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Former police officer still spreads word about safety

After serving the valley for more than 20 years, former Metropolitan Police Department officer Debra Gauthier continues to advocate for safety and motivate residents to “live fearlessly.”

“My reason for having workshops is to serve and protect my community,” she said. “As a police officer, I couldn’t just walk into a situation and have things escalate. I had to negotiate and work smart.”

Gauthier spoke with residents in a free workshop Jan. 10 at the Green Valley Library, 2797 N. Green Valley Parkway. Through a series of safety tips, Gauthier taught attendees how to declare W.A.R. on F.E.A.R. by watching, being aware and responding.

“F.E.A.R. is just false evidence appearing real,” Gauthier said. “In other words, the battle is in our mind. As soon as you let fear win, you’re locked down.”

Gauthier said individuals should “watch” their surroundings as they walk, check elevators and their car before getting inside and park in attended lots.

“We’ve got to unplug (from technology),” Gauthier said. “When you are moving from Point A to Point B, I want you to watch what’s going on. If you’re paying attention, people are not going to bother you. They’re going to victimize someone who’s not watching, who’s vulnerable, who’s not a threat.”

Individuals should also be “aware” of people asking for directions, avoid lingering at the entrance of their residence or car door and pay attention to their gut instincts.

“If you’re confronted with a dangerous situation, yell, ‘Fire,’ because people will look,” Gauthier said. “Bad guys sense fear, so get crazy. If you can get really crazy, you’re going to scare them. Your biggest threat out there is to be aware and proactive.”

Individuals should “respond” to potential threats by standing their ground, making eye contact and controlling the distance between themselves and danger.

“Do you have to be a black belt in martial arts to defend yourself? No,” Gauthier said. “When I used to be a police officer, they used to call me the “Mace Queen.” I didn’t get in fights; I just sprayed everyone.”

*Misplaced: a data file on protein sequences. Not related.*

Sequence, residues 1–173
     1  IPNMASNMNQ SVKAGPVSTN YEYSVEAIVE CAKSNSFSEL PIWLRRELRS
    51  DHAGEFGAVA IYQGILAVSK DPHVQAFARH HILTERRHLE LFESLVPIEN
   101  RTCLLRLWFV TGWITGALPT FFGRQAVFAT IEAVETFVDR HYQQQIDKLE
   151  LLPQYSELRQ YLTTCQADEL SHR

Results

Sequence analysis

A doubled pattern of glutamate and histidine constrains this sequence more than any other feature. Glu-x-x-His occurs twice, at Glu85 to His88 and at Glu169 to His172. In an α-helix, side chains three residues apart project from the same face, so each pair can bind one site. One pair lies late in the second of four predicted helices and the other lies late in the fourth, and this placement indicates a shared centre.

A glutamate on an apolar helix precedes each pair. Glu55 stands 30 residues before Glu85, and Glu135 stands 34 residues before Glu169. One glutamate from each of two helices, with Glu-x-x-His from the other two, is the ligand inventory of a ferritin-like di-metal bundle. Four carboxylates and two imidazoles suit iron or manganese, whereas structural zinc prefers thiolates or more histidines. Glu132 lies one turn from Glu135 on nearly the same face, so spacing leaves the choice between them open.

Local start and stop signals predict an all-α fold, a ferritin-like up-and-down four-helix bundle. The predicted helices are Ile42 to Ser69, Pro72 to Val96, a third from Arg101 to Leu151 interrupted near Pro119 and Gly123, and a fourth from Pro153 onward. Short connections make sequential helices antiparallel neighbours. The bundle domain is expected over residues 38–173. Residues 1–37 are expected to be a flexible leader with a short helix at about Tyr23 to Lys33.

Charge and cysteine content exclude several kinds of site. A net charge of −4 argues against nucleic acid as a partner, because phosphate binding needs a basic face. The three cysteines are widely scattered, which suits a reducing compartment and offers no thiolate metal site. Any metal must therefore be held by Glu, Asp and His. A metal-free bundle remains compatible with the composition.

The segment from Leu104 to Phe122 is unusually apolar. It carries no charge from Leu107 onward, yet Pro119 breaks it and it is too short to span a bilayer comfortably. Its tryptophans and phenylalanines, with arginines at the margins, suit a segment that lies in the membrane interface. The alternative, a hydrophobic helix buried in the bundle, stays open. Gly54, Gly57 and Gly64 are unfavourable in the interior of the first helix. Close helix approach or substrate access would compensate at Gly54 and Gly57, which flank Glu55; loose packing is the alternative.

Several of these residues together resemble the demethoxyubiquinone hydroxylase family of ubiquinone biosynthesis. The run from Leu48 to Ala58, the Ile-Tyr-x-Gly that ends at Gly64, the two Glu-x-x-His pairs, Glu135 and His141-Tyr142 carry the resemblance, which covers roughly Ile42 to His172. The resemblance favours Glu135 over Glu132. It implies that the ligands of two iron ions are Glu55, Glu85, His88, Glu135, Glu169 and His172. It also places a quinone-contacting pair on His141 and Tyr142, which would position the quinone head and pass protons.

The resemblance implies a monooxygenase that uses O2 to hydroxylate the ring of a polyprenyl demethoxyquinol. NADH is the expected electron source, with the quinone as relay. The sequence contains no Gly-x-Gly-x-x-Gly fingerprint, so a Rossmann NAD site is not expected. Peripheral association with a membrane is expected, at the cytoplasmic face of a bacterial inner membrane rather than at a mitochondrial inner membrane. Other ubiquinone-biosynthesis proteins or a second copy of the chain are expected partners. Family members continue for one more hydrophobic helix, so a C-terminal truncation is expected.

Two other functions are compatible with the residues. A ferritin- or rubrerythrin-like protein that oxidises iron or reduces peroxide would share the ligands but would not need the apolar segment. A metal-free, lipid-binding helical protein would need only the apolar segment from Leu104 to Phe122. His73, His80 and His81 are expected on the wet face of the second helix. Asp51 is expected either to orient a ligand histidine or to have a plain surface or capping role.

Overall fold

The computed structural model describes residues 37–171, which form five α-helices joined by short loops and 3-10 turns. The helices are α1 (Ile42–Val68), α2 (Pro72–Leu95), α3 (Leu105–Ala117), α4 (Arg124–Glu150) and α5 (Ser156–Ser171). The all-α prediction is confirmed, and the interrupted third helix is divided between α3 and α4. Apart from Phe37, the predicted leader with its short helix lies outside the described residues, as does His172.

In 2013, the FBI’s website reported that a violent crime occurred every 27 seconds and a property crime every four seconds in the United States.

“We avoid becoming a statistic by raising awareness, knowing self-defense and taking the time to get informed,” she said. “The key to all of this is productivity.”

Las Vegas resident Esteleen Westby said she attended the workshop with her friend Teresa Johnson to make sure it wasn’t “part of a fright game to scare people into feeling a certain way.”

“According to the FBI statistics, crime is lower than it has been in 30 years due to new technology,” Westby said. “That’s not to say crime doesn’t happen, though, so it’s important to be smart and safe.”

Westby said she learned new safety tips, such as parking her car so the driver’s window faces the entrance of a building so security cameras and witnesses might have a better angle if anything happens.

“I also like that she says to act crazy,” Westby said. “I feel like people might target someone who is more docile than someone who they think might be a problem.”

Gauthier said she was the first female officer hired by Metro under the same standards as men in 1980. She wrote the book “Bright Lights, Dark Places” as an inside look at her career.

“We’re negotiators, we’re communicators, and we work smart,” Gauthier said. “With those skills, anyone is just as qualified as any police officer to be street smart and stay safe.”

For more information, visit debragauthier.tateauthor.com.

Contact Henderson View reporter Caitlyn Belcher at cbelcher@viewnews.com or 702-383-0403.

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